Unsanctioned airport work begins on Sha Chau
PRELIMINARY work has begun on the controversial aviation fuel depot on Sha Chau before the project has been approved.
The Provisional Airport Authority (PAA) said the site design drilling it was conducting in the shallow waters off the island did not violate any regulations.
But environmentalists are furious that early stage work is being done on a site which has not been approved by the Executive Council as the final location for the temporary depot which will service Chek Lap Kok airport.
The green groups said the unannounced drilling was harmful to the sensitive Chinese pink dolphins which feed off the coast of the sandy island.
'It looks like a foregone conclusion that the site will be at Sha Chau, which makes a sham of the whole [approval] process,' World Wide Fund for Nature spokesman Jo Ruxton said.
'This limited drilling is already having an effect on the dolphins.' Environmentalists were alerted to the drilling last month when dolphin watchers reported the normally placid dolphins demonstrating 'stress behaviour'.
A drilling barge was spotted off the northeast shore of Sha Chau.
In the following two weeks the environmentalists, and officials in the Agriculture and Fisheries and the Environmental Protection departments, tried to track down who was doing the drilling.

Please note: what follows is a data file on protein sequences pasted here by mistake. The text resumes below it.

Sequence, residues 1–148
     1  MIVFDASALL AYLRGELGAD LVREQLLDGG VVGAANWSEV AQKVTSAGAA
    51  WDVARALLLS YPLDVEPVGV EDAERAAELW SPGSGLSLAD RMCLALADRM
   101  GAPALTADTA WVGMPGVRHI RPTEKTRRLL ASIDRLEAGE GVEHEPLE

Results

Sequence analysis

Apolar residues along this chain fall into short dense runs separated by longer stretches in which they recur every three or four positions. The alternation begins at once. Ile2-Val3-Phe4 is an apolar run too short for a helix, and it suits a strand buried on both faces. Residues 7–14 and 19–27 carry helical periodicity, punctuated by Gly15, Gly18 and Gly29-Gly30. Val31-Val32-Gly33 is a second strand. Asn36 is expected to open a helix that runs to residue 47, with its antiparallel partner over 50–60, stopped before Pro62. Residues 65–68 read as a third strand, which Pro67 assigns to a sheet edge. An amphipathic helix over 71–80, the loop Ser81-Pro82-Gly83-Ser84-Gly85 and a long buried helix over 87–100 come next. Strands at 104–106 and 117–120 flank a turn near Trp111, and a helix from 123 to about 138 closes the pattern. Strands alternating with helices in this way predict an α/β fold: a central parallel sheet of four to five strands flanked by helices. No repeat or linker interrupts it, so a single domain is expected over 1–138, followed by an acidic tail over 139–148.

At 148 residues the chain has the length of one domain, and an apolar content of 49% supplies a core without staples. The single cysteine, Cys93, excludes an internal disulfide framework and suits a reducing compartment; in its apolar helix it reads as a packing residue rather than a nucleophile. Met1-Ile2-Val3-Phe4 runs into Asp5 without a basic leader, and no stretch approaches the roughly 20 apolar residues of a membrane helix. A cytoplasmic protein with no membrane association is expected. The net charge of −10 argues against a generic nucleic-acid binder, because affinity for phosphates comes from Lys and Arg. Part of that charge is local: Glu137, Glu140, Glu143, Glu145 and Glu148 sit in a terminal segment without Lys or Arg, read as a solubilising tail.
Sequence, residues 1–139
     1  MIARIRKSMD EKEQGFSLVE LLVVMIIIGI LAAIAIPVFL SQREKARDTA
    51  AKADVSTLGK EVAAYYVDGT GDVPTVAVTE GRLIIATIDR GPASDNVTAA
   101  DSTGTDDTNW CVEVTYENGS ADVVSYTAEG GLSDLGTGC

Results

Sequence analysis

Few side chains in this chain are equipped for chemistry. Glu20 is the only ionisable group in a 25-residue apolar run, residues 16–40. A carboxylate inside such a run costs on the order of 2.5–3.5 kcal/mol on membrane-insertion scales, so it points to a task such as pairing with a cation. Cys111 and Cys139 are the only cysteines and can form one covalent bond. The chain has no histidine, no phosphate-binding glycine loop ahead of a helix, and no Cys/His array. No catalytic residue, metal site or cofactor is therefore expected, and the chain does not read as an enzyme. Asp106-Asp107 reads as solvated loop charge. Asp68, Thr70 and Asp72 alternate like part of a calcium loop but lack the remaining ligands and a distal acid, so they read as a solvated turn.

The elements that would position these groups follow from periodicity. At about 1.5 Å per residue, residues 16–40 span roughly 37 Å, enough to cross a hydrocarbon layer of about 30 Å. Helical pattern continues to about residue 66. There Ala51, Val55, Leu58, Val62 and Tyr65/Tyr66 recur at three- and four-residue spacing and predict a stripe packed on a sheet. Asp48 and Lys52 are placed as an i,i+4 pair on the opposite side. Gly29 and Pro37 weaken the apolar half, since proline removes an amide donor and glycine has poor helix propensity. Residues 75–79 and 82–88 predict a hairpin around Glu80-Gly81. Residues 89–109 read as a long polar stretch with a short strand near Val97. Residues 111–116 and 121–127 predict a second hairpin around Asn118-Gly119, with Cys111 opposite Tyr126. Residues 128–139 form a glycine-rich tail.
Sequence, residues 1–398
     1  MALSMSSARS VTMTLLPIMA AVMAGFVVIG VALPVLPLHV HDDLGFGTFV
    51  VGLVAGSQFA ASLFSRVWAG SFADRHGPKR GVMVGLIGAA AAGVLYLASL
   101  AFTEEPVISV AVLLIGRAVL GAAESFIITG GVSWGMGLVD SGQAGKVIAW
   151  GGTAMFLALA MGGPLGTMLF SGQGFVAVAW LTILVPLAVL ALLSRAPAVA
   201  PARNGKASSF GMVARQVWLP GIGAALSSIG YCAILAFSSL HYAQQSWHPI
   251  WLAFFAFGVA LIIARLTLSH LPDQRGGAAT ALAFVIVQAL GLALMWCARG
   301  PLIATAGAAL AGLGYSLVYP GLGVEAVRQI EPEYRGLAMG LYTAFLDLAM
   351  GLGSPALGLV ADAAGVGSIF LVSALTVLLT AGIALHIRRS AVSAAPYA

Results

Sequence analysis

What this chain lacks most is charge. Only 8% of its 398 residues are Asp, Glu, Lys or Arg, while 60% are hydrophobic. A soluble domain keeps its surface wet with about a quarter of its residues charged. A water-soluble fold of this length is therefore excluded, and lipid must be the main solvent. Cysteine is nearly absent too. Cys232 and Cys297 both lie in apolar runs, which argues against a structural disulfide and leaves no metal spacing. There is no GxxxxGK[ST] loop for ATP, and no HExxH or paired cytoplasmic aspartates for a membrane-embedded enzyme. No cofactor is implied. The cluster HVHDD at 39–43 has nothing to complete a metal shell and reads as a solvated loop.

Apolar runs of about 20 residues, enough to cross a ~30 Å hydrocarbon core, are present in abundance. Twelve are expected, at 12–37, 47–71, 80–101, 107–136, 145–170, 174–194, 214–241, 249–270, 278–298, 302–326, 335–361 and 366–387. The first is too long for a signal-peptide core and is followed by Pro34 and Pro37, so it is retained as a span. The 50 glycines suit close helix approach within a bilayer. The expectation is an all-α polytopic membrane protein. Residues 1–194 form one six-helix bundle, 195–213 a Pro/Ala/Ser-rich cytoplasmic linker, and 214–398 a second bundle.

Representatives from the Civil Engineering Department, the Civil Aviation Department, the New Airport Projects Co-ordination Office and the PAA all denied knowledge of the drilling.
It was not until the South China Morning Post joined the chase that it was learned the PAA was responsible.
'This is not the way it is supposed to work and here we are constantly being surprised by things like this,' said independent legislator Christine Loh Kung-wai, who serves on the Advisory Council for the Environment.
'The Government should release this information as a matter of course. And there must be better inter-department communication.' PAA director of corporate affairs, Clinton Leeks, said there was no intentional deception on the part of the PAA. The delay was the result of a misunderstanding over which drilling site was involved.
'It is no secret,' Mr Leeks said. 'We are doing site investigation work. It is the type of work which, ideally, would be done by the project contractor.
'We are doing the early work which the [successful] bidder will reimburse us for.' The environmental impact assessment report on Sha Chau, which had been due to go to the Advisory Council for the Environment next week, has now been delayed to next month.
'The PAA regard the environmental impact assessment procedure as a showcase,' said Lisa Hopkinson of Friends of the Earth.